I must not fear.
Fear is the mind-killer.
Fear is the little-death that brings total obliteration.
I will face my fear.
I will permit it to pass over me and through me.
And when it has gone past I will turn the inner eye to see its path.
Where the fear has gone there will be nothing. Only I will remain.
— Bene Gesserit (Dune)
A quarrel had arisen between the Horse and the Stag, so the Horse came to a Hunter to ask his help to take revenge on the Stag. The Hunter agreed, but said: “If you desire to conquer the Stag, you must permit me to place this piece of iron between your jaws, so that I may guide you with these reins, and allow this saddle to be placed upon your back so that I may keep steady upon you as we follow after the enemy.” The Horse agreed to the conditions, and the Hunter soon saddled and bridled him. Then with the aid of the Hunter the Horse soon overcame the Stag, and said to the Hunter: “Now, get off, and remove those things from my mouth and back.”
“Not so fast, friend,” said the Hunter. “I have now got you under bit and spur, and prefer to keep you as you are at present.”
The structure of the program should exactly follow the structure of the problem. Each real world concurrent activity should be mapped onto exactly one concurrent process in our programming language. If there is a 1:1 mapping of the problem onto the program we say that the program is isomorphic to the problem.
It is extremely important that the mapping is exactly 1:1. The reason for this is that it minimizes the conceptual gap between the problem and the solution. If this mapping is not 1:1 the program will quickly degenerate, and become difficult to understand. This degeneration is often observed when non-CO [concurrency-oriented] languages are used to solve concurrent problems. Often the only way to get the program to work is to force several independent activities to be controlled by the same language thread or process. This leads to an inevitable loss of clarity, and makes the programs subject to complex and irreproducible interference errors.
Joe Armstrong, Making reliable distributed systems in the presence of software errors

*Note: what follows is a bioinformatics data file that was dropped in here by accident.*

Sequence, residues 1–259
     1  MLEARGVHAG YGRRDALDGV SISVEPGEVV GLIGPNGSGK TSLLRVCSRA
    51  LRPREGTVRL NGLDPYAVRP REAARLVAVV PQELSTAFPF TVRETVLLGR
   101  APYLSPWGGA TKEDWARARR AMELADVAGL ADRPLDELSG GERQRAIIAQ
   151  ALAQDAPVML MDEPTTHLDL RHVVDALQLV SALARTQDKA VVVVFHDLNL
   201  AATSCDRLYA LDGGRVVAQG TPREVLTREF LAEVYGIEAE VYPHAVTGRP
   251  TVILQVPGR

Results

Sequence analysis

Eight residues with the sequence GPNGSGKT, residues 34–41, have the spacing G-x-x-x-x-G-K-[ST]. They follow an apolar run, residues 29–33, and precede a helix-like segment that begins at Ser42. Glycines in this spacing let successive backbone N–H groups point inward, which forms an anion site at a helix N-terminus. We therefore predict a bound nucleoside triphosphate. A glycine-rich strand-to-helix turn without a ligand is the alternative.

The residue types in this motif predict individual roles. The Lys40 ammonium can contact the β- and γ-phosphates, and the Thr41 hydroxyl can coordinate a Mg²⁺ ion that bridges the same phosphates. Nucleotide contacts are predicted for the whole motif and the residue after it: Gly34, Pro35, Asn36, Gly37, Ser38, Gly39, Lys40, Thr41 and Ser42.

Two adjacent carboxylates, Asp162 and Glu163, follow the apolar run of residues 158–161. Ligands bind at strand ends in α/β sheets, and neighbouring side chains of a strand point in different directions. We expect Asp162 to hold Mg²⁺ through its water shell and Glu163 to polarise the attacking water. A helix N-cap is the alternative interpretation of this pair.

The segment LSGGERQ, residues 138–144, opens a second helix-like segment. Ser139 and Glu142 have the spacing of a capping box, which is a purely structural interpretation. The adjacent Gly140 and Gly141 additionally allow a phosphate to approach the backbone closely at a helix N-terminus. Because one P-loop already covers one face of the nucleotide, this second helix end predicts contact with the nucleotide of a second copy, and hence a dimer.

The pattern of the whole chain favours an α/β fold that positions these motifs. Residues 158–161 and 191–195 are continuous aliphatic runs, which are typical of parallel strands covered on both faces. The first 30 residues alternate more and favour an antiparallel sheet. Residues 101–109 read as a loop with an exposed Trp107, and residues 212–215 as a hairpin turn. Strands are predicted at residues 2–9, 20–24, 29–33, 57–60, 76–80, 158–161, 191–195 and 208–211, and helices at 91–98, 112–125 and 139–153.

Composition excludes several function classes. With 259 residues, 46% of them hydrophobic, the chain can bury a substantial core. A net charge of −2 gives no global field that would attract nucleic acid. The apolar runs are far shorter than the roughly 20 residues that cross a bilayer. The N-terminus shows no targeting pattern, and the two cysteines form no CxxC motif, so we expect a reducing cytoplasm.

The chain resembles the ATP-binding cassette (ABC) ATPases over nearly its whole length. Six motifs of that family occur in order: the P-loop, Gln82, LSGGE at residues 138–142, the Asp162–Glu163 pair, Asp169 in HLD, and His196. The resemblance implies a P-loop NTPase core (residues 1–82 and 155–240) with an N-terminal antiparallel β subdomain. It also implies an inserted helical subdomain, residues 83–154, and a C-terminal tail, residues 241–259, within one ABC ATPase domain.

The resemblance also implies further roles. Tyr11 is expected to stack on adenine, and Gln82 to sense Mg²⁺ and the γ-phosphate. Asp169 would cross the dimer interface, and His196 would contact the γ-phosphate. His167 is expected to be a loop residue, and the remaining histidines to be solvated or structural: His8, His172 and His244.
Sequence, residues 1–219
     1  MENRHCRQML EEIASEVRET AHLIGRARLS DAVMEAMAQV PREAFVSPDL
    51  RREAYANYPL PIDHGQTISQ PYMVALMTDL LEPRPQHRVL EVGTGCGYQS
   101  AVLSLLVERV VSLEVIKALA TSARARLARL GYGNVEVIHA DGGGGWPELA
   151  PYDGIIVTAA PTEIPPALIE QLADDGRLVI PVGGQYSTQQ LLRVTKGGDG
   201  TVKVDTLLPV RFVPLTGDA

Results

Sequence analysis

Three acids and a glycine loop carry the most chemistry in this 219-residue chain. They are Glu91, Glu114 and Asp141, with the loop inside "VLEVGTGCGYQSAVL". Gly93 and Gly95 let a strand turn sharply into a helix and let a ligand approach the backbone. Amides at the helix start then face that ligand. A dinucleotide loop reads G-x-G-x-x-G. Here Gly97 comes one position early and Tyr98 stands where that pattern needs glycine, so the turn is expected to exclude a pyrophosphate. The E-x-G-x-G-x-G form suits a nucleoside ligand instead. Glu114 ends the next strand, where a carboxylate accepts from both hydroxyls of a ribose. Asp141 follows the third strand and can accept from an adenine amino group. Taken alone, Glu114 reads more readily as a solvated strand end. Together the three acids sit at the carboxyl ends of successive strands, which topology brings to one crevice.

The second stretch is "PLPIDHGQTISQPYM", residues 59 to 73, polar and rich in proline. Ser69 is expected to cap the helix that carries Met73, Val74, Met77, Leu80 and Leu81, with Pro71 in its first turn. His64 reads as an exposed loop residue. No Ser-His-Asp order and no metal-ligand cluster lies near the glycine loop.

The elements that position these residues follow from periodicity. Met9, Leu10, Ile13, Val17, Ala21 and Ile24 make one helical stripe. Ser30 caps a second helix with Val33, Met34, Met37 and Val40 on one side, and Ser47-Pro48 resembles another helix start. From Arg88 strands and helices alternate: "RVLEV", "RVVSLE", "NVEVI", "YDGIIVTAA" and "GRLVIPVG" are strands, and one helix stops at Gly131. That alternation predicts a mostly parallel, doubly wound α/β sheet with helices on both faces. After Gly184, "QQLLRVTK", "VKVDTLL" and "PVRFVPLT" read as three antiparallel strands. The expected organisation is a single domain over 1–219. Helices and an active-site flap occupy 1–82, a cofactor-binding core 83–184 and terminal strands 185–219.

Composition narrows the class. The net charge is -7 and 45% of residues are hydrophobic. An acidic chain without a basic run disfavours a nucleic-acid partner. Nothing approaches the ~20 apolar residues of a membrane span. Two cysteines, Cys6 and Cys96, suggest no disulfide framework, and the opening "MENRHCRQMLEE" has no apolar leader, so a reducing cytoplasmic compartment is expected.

A culture successfully terrorized on a dark day in September of 2001; initially, in anger but, over the long run (to this day), in fear, throwing off the high ground of nominal “truth, justice, and the American way” for Jack Bauer ends-justify-the-means.
A culture particularly prone to disengaging into its own individual, typically violent, often vengeful, entertainment bubbles.
A culture particularly prone to embracing sounds bites and now internet memes to simplify complex issues into narratives that are palatable.
A culture particularly prone to being goaded into team dynamics at the expense of actually engaging people on the “other side” to work through nuanced problems.
A culture particularly prone to sensational voyeurism to the point it lets what has become a “socio-political-entertainment complex” get away with dosing us garbage constantly.
18 years straight of war — leaning disproportionately on people far removed from the political decision making.
Inarguably relaxed service entry requirements — multiple times — in this ongoing span to hit the desired recruiting numbers.
Poor support for those coming back from such horrors facing their own demons as well as an incredibly competitive global marketplace and global workforces.
Governments–especially ours–preserving themselves and their revolving door cronies from unrest over horribly insolvent dynamics THEY fostered (80s – now) via transnational corporate socialism that comes at the expense of “the little guy” who gets robbed in ways “he’ll never [explicitly] understand”. Coordinated currency devaluation, statist direct intervention in the markets, and coordinated messaging. We feel the “real world” fallout.